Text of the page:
Created for television by Jonah Nolan and Lisa Joy, the dark odyssey Westworld is about what happens when the artificial consciousness that you’ve programmed begins to develop a plan of its own. Its strong, compelling, violent and provocative first season made it HBO’s most-watched freshman series ever, and its 10-episode second season is sure to be even more mind-blowing, with twists and turns that you won’t see coming.
At a press day for the launch of the new season, Collider (along with a small handful of other outlets) participated in a roundtable interview with actor Luke Hemsworth to chat about his role as Stubbs, how Season 2 felt compared to Season 1, working on a TV series where he never knows what’s coming next, learning more about just who’s behind the theme park, why he loves Shogun world, keeping secrets from his friends and family, and the tagline he’d give Season 2. He also talked about how much fun he had on Thor: Ragnarok, and how he’s trying to convince them to let him return to the Marvel Cinematic Universe.
Question: So, what kind of challenges will the head of park security face, in Season 2?
LUKE HEMSWORTH: The challenge of losing control. It’s really cool. I get to do some great stuff. I get to pull Stubbs apart again and go deeper into where he is and where he comes from, and stand opposite some of the greatest actors. It’s awesome!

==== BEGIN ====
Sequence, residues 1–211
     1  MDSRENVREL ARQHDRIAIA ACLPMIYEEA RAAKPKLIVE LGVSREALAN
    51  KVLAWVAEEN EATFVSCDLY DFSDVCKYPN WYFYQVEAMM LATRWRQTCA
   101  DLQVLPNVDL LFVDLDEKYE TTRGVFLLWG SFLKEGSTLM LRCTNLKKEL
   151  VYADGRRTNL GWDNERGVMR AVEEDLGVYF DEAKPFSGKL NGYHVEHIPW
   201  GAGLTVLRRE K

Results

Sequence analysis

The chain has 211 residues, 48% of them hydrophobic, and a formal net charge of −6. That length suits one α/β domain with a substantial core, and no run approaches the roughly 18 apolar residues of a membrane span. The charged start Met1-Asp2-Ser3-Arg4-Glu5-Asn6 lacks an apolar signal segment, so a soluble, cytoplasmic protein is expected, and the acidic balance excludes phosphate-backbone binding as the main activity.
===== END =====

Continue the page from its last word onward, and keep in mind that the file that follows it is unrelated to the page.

What was the atmosphere on set for Season 2, as opposed to Season 1?
HEMSWORTH: It was a lot of work and long hours, and no information, ever, about anything and things changing, at the last minute, all the time. You surrender, a little bit. You can complain about it until the cows come home, but nothing changes, so you just let go and learn to deal with it. You have to learn to be fluid and go where you’re needed, when you’re needed. You’ve gotta be flexible. I think that’s what acting is. You’ve just gotta be ready, all the time.
How do you psych yourself up to be on a set where you don’t know what’s going happen or what material you’re going to be getting?